This story was conceived as simple salute to a well-known store that went under. In reporting it, however, I found a story that hadn't been told: the store's misfortunes were the result not of bad weather and a bad roof, as everyone thought, but of bad management.
Fallen King's Market to be auctioned
For some, this is final indignity for the gourmet grocery that had ruled supreme
Date: Tuesday, January 13, 2009
Edition: Palm Beach Section: Local Page: 1B
Dateline: Boca Raton
Byline: By Howard Goodman Staff Writer
The building stands empty, stripped of its name and streaked with graffiti.
And now a further indignity: A billboard proclaims that the building and grounds of the former King's Gourmet Market -almost 2 acres at
a high-profile Boca Raton intersection -are up for auction.
Bids start at $3.9 million. Principal owner Jeff Sussman is telling all comers that the site, on Military Trail just south of Glades
Road, is perfect for high-end retail, a restaurant, an office tower.
"It's a unique situation," says Sussman, who sports the longish hair of a 1980s rocker and the eternal optimism of a serial entrepreneur.
But to people connected to King's Market in its heyday -- when gleaming fruits and vegetables piled irresistibly in perfect pyramids, when fresh-made loaves of bread filled the bakery counter, when the meat and fish departments groaned with tantalizing cuts and catches -- the auction denotes heartbreak.
King's shut down a year and a half ago, when broken trusses in the ceiling prompted city officials to order the 29-year-old market closed at once.
Seventy-five people lost their jobs.
Yet there's more to this regicide than a broken crown. Some ex-employees and others say that King's was on a crash course ever since the founding Costa family sold it in 2005.
"It took a year and a half to put a $15 million business out of business," 20-year employee Arnold Levine said with bitter wonderment.
It was a store known for quality and good prices.
"You can ask anyone," said Levine, now meat manager at Kosher Marketplace west of Boca. "If they wanted something good, they came to King's: A roast. A cake. An apple. Any perishable."
Founder Sam Costa was a Cleveland grocery magnate who came to Florida to retire, but couldn't stay idle long.
"Sam was extremely passionate about his store," said Larry Ikerd, a King's manager for almost 10 years.
Costa brought in his sons, Sam Jr. and Carl, and the staff grew large. Even at 84, he worked the produce section every day, personally weeding out the bruised pieces, Ikerd said .
"Some of the produce was just phenomenal," said Ikerd, who manages Doris Italian Market across town. "I have not seen anything like it since."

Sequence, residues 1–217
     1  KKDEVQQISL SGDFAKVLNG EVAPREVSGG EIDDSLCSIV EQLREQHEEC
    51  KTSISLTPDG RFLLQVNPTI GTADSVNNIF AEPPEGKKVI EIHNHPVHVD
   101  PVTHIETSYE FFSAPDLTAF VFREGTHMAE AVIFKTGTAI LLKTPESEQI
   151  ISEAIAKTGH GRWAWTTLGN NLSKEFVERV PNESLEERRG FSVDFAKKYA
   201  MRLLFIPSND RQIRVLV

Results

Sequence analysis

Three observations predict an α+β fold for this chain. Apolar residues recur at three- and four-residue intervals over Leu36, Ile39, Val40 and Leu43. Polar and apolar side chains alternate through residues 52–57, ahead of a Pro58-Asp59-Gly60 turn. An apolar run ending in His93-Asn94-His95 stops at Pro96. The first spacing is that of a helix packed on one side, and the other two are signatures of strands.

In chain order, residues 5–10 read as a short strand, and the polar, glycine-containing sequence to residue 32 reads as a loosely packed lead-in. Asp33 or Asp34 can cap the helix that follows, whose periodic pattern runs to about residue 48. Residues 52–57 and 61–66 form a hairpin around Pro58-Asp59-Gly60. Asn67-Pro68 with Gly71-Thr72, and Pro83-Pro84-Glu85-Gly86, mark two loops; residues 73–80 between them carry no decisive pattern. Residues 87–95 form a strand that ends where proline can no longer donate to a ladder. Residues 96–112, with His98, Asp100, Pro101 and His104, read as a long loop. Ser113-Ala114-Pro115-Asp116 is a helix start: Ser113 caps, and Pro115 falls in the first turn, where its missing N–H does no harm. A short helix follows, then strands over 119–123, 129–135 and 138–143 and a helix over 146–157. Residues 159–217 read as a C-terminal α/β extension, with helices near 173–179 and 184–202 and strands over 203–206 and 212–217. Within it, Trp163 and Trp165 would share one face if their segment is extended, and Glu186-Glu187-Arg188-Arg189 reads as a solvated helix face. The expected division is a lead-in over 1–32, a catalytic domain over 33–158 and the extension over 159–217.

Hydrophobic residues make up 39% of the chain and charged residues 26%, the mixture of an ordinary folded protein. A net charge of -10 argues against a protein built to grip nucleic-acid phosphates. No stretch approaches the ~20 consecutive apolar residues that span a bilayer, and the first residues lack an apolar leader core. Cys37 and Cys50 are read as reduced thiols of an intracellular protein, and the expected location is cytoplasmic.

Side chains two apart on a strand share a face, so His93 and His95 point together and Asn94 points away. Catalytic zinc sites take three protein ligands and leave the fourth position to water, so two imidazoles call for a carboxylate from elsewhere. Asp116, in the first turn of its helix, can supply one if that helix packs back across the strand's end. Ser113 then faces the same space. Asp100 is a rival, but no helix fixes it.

But in July 2005, Sam Jr. died of a heart attack at age 49. The bereaved Sam Sr. and Carl didn't want to continue.
Sussman, a restaurant broker, was brought in to engineer a sale. He ended up finding partners and buying King's himself.
The new group made quick changes, former staffers say -adding more prepared and packaged foods, but without the Costas' discernment and low prices. Said former produce manager, Jay Shapiro, a 17-year King's employee: "It was not a specialty store any more. It was more
like a 7-Eleven."
The public began to turn away, the King's staffers said. "For years, the store would never do less than $250,000 a week," Levine said.
When he left in November 2006 "they were doing less than $200,000 a week."
Sussman disputes this. He said changes on King's shelves were minor -and for the better.
"We did add some more prepared foods," he said. "That's what people wanted."
Customer traffic "basically stayed the same," Sussman said. "It was maybe 10 percent down." The customer base went higher-end. "It
looked like a Mercedes dealership out here in the parking lot," he said.
The former workers say the building's condition was no secret. "Everybody knew the state of that roof when they [the new ownership] bought it," Ikerd said. "I worked there almost 10 years, and it leaked like a sieve."
Sussman says he fixed the roof. But the trusses? Another story. He says water damage occurred after the purchase and went undiscovered until too late.
After the city shut the market, it was too expensive to bring the 30-year-old building up to current code, he said.
A plan to relocate west of Boca Raton fell through. Too little cash, Sussman said: his group was hampered by insurance complications.
An expansion to Delray Beach also fell through.
Sussman loves to talk up the glories of King's -how Boca Raton treasured its meats, produce, wine selection. "A day doesn't go by when someone doesn't ask me, `When's King's going to open?' "
And he swears it will reopen -somewhere, sometime. "King's will rise again," he said.
That is to be seen. What's certain is the King's name, instead of adorning a working store, is now the shorthand for a property headed for the auction block.
"Whatever goes here -an office building, whatever it is," Sussman said, "people will drive by forever, and they'll say: 'That's where King's was.' "
Sun-Sentinel photo / Robert Mayer: Jeff Sussman outside the empty King's Market.